The present case provides an opportunity to draw attention once again to the principles which the Ombudsman applies in fee disputes. Such disputes are frequently brought before him. The year under review was no exception.
Bank fees are usually owed if they are customary or agreed. Normally, when opening an account, clients accept the bank’s general terms and conditions, which refer to fee tables. In other cases such fee tables are referred to in other general contractual conditions. The banks usually reserve the right to adjust the fee tables periodically. If new fees are introduced or adjusted in an ongoing business relationship, this constitutes a change to the contract which must be communicated to the clients concerned by the usual means of communication in sufficient time for them to be able to adjust their behavior and, if necessary, to terminate the banking relationship if they do not agree with the change. If the client is bound by a contract with a fixed term, an adjustment of a fee essential to the contract cannot be enforced against his will during the term. An agreement may also be tacit, e.g. if corresponding communications from the bank remain unchallenged by the client. If these principles are adhered to, the Ombudsman does not comment on the appropriateness of fees, as disputes on business policy and tariff issues are excluded from his assessment according to the Rules of Procedure. A detailed presentation of these principles with case examples can be found on pages 13ff and 21ff of the 2016 annual report at https://bankingombudsman.ch/Jahresberichte.
In the present case, it was unclear from the documents and in particular from the bank’s reply whether there was a valid fee agreement. The Ombudsman therefore contacted the bank and asked it for a more detailed statement. The bank told him that the basis for the advisory fees was the contract for a transaction-related advisory mandate that the client had signed in 2019 in connection with the aforementioned reclassification of client relationships due to the Financial Services Act. The fee subsequently charged to the client was listed in the annex to this contract. At the meeting at which this contract was signed, the client’s attention was drawn to the fact that he could also opt for an execution-only relationship, i.e. a relationship in which the bank merely executed his orders and held his securities in safe custody without providing advisory or asset management services. He had then opted for the aforementioned advisory mandate.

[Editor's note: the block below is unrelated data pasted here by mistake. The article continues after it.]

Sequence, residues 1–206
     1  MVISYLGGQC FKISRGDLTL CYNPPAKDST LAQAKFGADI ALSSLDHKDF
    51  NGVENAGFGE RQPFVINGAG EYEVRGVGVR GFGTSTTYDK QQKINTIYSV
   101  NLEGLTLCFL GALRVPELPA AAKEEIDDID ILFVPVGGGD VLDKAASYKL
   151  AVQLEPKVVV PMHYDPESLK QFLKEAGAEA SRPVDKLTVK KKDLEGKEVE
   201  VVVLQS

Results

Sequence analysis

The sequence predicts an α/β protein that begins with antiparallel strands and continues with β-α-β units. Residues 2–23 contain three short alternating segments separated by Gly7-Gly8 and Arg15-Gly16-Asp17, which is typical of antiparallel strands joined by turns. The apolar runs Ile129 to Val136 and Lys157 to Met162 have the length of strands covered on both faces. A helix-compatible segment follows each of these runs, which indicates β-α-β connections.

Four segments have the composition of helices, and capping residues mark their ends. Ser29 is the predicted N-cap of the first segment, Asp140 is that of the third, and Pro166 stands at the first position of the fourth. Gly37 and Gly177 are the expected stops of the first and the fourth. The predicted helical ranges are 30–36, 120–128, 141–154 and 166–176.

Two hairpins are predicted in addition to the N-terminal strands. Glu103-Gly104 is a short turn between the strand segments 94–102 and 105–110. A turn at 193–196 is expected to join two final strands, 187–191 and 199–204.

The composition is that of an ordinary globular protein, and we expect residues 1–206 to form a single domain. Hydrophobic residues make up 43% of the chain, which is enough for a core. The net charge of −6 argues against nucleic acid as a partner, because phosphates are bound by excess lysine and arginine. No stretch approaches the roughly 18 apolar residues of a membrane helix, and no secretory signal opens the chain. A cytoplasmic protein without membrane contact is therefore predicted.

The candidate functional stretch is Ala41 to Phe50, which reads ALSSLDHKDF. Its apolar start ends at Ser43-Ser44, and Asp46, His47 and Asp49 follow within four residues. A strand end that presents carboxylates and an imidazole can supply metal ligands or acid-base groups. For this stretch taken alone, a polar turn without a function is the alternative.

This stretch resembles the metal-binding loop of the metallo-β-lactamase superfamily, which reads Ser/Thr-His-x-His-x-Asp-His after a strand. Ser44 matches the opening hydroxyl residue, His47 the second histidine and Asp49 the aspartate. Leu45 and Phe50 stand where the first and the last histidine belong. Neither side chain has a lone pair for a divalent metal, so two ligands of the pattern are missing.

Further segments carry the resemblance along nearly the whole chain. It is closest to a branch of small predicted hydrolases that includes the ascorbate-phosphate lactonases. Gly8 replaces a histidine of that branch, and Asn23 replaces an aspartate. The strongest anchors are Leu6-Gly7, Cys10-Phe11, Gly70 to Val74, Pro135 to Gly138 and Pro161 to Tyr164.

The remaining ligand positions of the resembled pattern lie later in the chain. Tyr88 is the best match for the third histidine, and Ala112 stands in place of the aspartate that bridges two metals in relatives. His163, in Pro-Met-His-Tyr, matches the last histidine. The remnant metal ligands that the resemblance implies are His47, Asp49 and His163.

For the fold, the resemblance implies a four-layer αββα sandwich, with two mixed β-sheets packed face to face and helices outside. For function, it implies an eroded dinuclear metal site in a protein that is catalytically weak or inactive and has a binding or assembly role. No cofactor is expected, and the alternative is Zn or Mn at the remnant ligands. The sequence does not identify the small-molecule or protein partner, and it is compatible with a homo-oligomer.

On the basis of the transaction-related advisory mandate, his advisor submitted investment proposals to him on request. For the possibility of making use of this advice, the bank charged the fee disputed by the client, which was calculated according to the value of the custody account. The client had in fact not used any advisory services until now. Nevertheless, the bank considered the charge to be justified.
The Ombudsman subsequently informed the client in a letter that, in his view, there was a valid fee agreement. It was obvious that the agreement was unfavorable to him, as he had never used the advisory services he regularly paid for. However, due to the agreement, there was no possibility to reclaim the fees retroactively because of this. Whether a contract makes sense for the client is usually irrelevant in a legal assessment of its binding nature. In principle, every person in legal transactions is free to conclude contracts that are unfavorable to him or her. As long as there is no specific reason for the contract to be invalid, it is binding and enforceable. The fee principles were observed in the present case and no misconduct on the part of the bank was evident.
The client reacted to the decision and wrote to the Ombudsman that he had hoped for a different solution, but that he could understand the explanations about the case.